Even Jonathan Swift, who said that promises and pie crusts are made to be broken, might have marveled at the limited shelf life of Barack Obama's promise of a balanced deficit-reduction plan, substantial spending cuts to accompany revenue increases.
This evening, downtown Columbus will be the site of the ninth annual Wassail Fest. While there many events on the calendar, Wassail Fest stands apart as something of a marvel.
Your facts are wrong. I'm not resigning. Recently The Dispatch published an editorial expressing concern about my commitment to the Columbus Convention & Visitors Bureau Board. I recognize the importance of constructive criticism, especially in public service. Yet I still feel compelled to provide more information about the facts regarding my attendance and voting at meetings.
As global warming causes more serious and frequent shoreline flooding, indignation rises over federal programs helping owners of beach properties rebuild in places the ocean wants to take back. Superstorm Sandy was a lollapalooza in terms of waterfront damage and demands on the Federal Emergency Management Agency's resources.
Almost every afternoon, I take the walk from the office to Coffee House on 5th for an iced tea. The other day, I noticed a young lady sitting at one of the tables there, working on her laptop, which was positioned at such an angle that I could recognize what was on the screen. "Algebra, right?" I asked. "Yes," she said wearily. "I'm studying for finals." I certainly remembered the feeling, if not the algebra.
I respond to Slim Smith's column of Nov. 30, "Decorating a sinking ship." For your information the dropout prevention program as proposed by Dr. Liddell and the preparation to pass G.E.D. testing are horses of a different color.
A variety of insults have been deployed in opposition to Susan Rice's likely nomination for secretary of state: She is not qualified; she's too aggressive; she "misled" the public following the lethal attack on the U.S. Consulate in Libya.
Dissolution of narcotics unit indicates troubling failure to communicate, cooperate.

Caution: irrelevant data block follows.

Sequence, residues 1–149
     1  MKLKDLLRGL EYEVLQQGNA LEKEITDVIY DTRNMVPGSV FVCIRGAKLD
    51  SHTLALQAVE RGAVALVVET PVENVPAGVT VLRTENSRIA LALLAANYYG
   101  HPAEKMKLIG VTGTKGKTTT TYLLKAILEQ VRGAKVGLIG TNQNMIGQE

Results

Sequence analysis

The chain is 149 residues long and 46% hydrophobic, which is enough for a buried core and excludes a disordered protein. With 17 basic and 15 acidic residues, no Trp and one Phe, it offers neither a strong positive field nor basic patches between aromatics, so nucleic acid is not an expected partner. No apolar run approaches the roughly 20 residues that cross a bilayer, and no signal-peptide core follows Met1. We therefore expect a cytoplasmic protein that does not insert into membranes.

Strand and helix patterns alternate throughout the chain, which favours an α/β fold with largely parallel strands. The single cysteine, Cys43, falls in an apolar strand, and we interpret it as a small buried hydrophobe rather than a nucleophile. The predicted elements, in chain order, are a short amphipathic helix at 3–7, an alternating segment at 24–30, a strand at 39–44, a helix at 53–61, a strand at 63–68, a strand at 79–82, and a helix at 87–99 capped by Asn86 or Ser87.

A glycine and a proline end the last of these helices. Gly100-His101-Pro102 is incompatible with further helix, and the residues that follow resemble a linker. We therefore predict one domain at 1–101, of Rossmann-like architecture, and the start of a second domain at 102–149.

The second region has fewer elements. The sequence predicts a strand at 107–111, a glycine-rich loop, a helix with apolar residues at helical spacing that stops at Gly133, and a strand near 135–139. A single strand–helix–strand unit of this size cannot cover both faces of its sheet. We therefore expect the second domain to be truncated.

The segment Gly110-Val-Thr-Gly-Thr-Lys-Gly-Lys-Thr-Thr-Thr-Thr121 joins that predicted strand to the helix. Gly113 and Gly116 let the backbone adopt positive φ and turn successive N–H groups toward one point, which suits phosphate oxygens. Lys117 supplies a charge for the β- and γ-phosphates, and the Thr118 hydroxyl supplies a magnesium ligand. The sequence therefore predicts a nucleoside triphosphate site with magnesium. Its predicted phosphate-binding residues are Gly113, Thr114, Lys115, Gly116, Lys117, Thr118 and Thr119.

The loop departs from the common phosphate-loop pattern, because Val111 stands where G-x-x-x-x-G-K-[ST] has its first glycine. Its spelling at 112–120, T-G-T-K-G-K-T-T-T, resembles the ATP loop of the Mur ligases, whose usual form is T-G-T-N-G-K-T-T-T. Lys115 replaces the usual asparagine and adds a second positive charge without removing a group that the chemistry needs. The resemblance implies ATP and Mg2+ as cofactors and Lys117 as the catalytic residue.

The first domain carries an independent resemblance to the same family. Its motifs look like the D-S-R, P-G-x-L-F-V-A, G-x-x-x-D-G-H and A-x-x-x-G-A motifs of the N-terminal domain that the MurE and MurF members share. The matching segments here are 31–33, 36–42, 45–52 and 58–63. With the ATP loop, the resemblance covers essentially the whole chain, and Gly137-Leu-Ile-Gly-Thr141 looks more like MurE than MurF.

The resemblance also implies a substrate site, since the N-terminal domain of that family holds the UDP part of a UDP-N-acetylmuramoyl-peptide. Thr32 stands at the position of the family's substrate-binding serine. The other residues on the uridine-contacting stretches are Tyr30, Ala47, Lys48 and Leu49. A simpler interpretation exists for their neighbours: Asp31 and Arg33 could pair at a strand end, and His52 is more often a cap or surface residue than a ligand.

You may have seen a couple of stories last week about teachers accused of paying to have others take (and pass) their licensing exams. News such as this paints a picture of a world in which values are upside down.
On a recent "Meet the Press," host David Gregory presided in a tailored jacket and tie. Panelists Al Sharpton, David Brooks and Ken Burns appeared similarly professional. But the two female panelists, Andrea Mitchell and Carly Fiorina, seemed ready for cocktails, not coffee, in form-fitting dresses, arms naked to the world.
An odd friendship is often born of necessity. Jack, the white cat, lost Jane, his companion, when Jane stowed away in the bottom of the fishing boat. While in route to the river, Jane chose to bolt from the boat, never to be found.
Mississippi ranked 40th in the Wall Street Journal's "The Best and Worst Run States in America." Among neighboring states only Louisiana ranked lower at 41st. Alabama ranked 28th, Arkansas 32nd, and Tennessee 12th. Nationwide, North Dakota ranked first while California ranked last.
There was some belief that more attention was given to the Titanic's choice of china than its supply of lifeboats. It was a hard point to refute, given the way things turned out.
1. Lynn Spruill: A watershed moment LOCAL COLUMNS
2. Voice of the people: Don Newman LETTERS TO THE EDITOR (VOICE@CDISPATCH.COM)
3. Lisa McLeod: One horrible thing wrong with schools NATIONAL COLUMNS
5. Slimantics: Our greatest unofficial national holiday LOCAL COLUMNS